About 8 out of 10 people being treated for Carcinoid Syndrome experience chronic diarrhea. In fact, it’s one of the main signs you may have Carcinoid Syndrome.
When you have Carcinoid Syndrome, your body has tumors called NETs that produce large amounts of a hormone called serotonin. The excessive amount of serotonin increases the level of fluid in the gut. It also increases the function of your gut up to 6 times its normal speed. This can cause diarrhea anywhere from 1 to around 30 times per day, and be accompanied by pain or cramps as well.
Diarrhea can occur anytime, so it can interrupt sleep and other activities. A lack of sleep can lead to fatigue and depression. People with Carcinoid Syndrome and severe diarrhea may also experience pain.
There are 4 types or grades of Carcinoid Syndrome diarrhea that healthcare professionals use to describe symptoms. However, these grades only focus on the number of bowel movements per day. That's why it is important to talk to your doctor about the effect diarrhea has on your daily living.
Mild diarrhea, or Grade 1: 2 to 3 stools above normal per day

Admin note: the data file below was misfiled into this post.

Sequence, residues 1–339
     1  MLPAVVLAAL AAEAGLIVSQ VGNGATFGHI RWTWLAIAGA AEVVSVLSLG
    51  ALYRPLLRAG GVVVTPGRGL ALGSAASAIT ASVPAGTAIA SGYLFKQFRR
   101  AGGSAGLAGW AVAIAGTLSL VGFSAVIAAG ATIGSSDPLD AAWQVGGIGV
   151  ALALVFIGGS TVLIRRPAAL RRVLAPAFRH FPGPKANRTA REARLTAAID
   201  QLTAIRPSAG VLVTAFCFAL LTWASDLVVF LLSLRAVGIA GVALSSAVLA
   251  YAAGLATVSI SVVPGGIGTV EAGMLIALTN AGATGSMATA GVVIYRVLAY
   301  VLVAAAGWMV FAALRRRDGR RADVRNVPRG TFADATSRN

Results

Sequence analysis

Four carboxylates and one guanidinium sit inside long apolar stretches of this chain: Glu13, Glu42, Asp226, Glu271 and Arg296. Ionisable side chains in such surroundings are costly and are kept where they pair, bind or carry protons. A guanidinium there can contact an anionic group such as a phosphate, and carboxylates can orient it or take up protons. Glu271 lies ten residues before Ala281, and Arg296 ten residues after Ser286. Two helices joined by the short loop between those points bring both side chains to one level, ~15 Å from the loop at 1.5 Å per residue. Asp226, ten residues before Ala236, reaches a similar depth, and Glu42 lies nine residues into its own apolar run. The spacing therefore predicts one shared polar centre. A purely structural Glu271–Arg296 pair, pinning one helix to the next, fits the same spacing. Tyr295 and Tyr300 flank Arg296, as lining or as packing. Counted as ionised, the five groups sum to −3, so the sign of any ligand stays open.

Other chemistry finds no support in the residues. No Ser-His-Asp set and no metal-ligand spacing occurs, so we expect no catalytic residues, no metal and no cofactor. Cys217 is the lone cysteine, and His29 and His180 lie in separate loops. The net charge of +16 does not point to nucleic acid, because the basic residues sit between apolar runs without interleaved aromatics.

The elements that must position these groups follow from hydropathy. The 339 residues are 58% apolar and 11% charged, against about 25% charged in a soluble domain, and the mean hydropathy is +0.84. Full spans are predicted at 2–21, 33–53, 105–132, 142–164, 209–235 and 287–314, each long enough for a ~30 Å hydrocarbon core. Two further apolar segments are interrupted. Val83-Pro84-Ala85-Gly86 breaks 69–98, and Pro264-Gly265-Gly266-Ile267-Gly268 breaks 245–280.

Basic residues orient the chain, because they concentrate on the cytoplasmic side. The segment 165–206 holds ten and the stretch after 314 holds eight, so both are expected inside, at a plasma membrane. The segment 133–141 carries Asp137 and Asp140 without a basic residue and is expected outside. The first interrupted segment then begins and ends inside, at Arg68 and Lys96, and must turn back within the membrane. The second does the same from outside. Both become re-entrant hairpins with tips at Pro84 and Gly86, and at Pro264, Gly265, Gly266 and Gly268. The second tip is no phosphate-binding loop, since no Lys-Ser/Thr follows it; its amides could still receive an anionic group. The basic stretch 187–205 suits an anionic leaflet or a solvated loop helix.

Mild to moderate, or Grade 2: 4 to 6 stools above normal per day
Moderate severe to severe, or Grade 3: 7 to 9 stools above normal, with possible severe cramps and incontinence
Severe, or Grade 4: 10 or more stools above normal; possibly bloody diarrhea
Diarrhea is an indication of Carcinoid Syndrome, but it could also be caused by something else. Whatever is causing your symptoms, you should know there are treatment options. While it may feel embarrassing to discuss the topic of diarrhea, your doctor will be happy to help.
There are a number of treatment options for Carcinoid Syndrome diarrhea. Please visit the Carcinoid Syndrome Treatment section, and discuss treatment options with your doctor.